he long and still seething battle to land the U.S. Air Force’s aerial refueling tanker contract was seemingly resolved with the February selection of Boeing, and will mean 50,000 jobs in 40 states, Boeing says. But it’s not the only high-profile defense supply contract up for grabs in North America.
The National Shipbuilding Procurement Strategy (NSPS) is the result of extensive consultations with the Canadian marine and shipbuilding industry and will help to revitalize Canadian shipyards and build ships for the Navy and the Coast Guard. In February, the NPS Secretariat — composed of officials from Public Works and Government Services Canada, Department of National Defence, Industry Canada and Canadian Coast Guard, released its request for proposal to five short-listed shipyards:
But in April, Kiewit Offshore, part of the larger Omaha-based construction and mining firm, dropped out of the competition, saying its work force was already spread too thin for it to put together a realistic proposal. The company has major contracts serving the oil and gas sector in offshore Atlantic Canada and Alberta, among other locations.
The four yards remaining have until July 7 to submit their proposals, with the final decision expected later in the summer.
One of them, Davie, filed for creditor protection in 2010. The move nullified a collaboration agreement between Davie and Irving Shipbuilding to work together as shipbuilding centers of excellence with the upcoming federal contract in mind. That proposal was proffered in fall 2009. Now they are competing head to head.
On March 31, Davie announced it had entered into an exclusivity agreement with Fincantieri – Cantieri Navali Italiani and DRS Technologies Canada, a Finmeccanica company, to negotiate the potential acquisition of the shipyard by an entity that will be majority-owned by Fincantieri. In order to continue the process, Davie has obtained an order from the Québec Superior Court extending the stay of proceedings ordered by the Court to May 19, 2011, the whole pursuant to the Companies’ Creditors Arrangement Act.
"This is an important step in the right direction," said Davie President and CEO Johan Nydal, "but there is still a lot of work to do in order to complete the transaction within a very short time frame so the shipyard will be able to submit a valid bid for the federal contracts."
The Quebec provincial government has pledged to make sure Davie meets the federal government’s requirement of financial solvency. Davie, along with Irving, served the last major federal shipbuilding contract, which ended in 1996.
Playing the Heritage Card
In the meantime, elected officials and company leaders are pulling out all the stops to ensure some of that business lands in their communities.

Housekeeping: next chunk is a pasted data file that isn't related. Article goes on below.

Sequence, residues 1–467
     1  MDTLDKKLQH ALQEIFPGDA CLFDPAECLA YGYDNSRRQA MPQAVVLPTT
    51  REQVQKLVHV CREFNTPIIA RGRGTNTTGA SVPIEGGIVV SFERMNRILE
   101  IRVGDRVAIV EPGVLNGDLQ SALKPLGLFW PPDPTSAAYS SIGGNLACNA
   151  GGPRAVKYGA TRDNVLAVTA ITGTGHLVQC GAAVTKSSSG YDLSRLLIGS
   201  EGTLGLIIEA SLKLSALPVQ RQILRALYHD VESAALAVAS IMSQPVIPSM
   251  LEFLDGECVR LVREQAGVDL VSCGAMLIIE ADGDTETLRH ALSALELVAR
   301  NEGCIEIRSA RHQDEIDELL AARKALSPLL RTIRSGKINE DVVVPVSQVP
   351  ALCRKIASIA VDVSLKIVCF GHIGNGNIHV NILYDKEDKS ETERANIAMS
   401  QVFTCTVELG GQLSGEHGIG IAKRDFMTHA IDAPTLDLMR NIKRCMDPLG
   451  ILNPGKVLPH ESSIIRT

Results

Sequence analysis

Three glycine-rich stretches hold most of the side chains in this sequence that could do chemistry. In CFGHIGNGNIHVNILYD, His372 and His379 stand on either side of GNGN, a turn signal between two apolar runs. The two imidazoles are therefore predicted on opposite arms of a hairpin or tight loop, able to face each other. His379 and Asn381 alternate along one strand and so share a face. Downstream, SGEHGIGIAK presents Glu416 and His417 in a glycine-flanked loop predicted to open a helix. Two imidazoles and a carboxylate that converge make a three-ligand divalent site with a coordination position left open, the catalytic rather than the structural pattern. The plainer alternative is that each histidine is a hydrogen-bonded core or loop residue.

When Vancouver Shipyards Co., part of the Washington Marine Group Shipyards Division now renamed as Seaspan Marine Corp., was picked as a finalist last October, John Shaw, vice president — program management, noted the West Coast’s "strong and vibrant history of shipbuilding and delivering competitive products to the Federal and Provincial Governments, amongst other customers." Then he threw out a slightly more loaded comment:
"If B.C. shipbuilding is to survive and prosper in the 21st century, it is vitally important that the West Coast win an equitable portion of the [C]$$35 billion in Federal Naval and Canadian Coast Guard construction work."
Backing up its claim are new contracts announced in December to build a double-hulled oil barge and three 1,200-unit wood-chip barges. CEO Jonathan Whitworth said the projects would support the employment of 100 tradespeople, and that the timing was ideal for honing the team’s skilled trades and project management capabilities in advance of the NSPS decision.
Irving’s Halifax Shipyard has perhaps the most lauded heritage of the bunch, a 120-year resume that received its own gilding last September when the Honourable Gail Shea, minister of fisheries and oceans, cut the first steel plate for nine mid-shore patrol vessels to be built for the Canadian Coast Guard under a contract worth $194 million. Irving estimates up to 155 people will be employed by the project over the next four years.
"For the greater Halifax community this means an added $35 million in payroll," said Steve Durrell, president of Irving Shipbuilding Inc. "As well, the company estimates that approximately 50 local Nova Scotian suppliers will benefit from about $32 million in purchases of local goods and services. This is in addition to 130 estimated suppliers from the rest of Canada."
The Halifax shipyard is a major employer of members of CAW Marine Workers Local 1.
"This contract is great news for the three generations of workers serving at this shipyard today," said Karl Risser, president of the CAW local. "Those who have served over 40 years are teaching the next generation of 200 apprentices who are working here today. We urge the federal government to follow through and deliver contracts to keep people working after this job is done in 2013."
On April 8, the Nova Scotia Legislative Assembly voted unanimously to support Irving’s NSPS bid.
"This is the biggest opportunity for Nova Scotia since the navy was established 100 years ago," said Nova Scotia Premier Darrell Dexter. "Nova Scotia is ideally suited to meet the federal government’s needs. If successful, this contract would create and sustain up to 4,000 direct jobs across the province for the next 30 years."
"The economic impact and related spin-offs associated with winning this bid would be tremendous," added Liberal party leader Stephen McNeil. "This could create up to $7 billion in direct payroll, $2.7 billion in tax revenue, and $6.7 billion in consumer spending."